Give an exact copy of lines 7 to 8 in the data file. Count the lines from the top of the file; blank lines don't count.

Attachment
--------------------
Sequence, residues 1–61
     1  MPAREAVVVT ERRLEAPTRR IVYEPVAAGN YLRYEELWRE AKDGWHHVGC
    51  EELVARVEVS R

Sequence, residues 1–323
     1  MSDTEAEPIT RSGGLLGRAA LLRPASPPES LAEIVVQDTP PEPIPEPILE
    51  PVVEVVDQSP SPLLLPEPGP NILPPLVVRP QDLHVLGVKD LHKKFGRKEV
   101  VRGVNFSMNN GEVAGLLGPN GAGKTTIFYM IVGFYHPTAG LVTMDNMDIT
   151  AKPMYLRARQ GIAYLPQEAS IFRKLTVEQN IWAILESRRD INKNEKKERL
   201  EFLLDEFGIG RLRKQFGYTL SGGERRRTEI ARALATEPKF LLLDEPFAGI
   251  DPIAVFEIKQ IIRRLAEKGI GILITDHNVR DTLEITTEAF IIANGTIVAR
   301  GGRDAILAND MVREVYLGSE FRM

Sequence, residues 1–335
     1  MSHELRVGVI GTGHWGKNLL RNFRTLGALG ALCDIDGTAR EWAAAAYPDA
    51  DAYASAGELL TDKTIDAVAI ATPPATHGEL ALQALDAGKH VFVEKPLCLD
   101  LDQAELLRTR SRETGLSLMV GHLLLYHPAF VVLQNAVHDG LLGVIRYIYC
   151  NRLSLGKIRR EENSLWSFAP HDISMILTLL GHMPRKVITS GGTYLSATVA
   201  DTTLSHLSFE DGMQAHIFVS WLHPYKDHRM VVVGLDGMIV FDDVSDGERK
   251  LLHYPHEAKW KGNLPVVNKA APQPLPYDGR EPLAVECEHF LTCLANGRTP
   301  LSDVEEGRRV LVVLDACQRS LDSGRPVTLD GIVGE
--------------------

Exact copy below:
   101  VRGVNFSMNN GEVAGLLGPN GAGKTTIFYM IVGFYHPTAG LVTMDNMDIT
   151  AKPMYLRARQ GIAYLPQEAS IFRKLTVEQN IWAILESRRD INKNEKKERL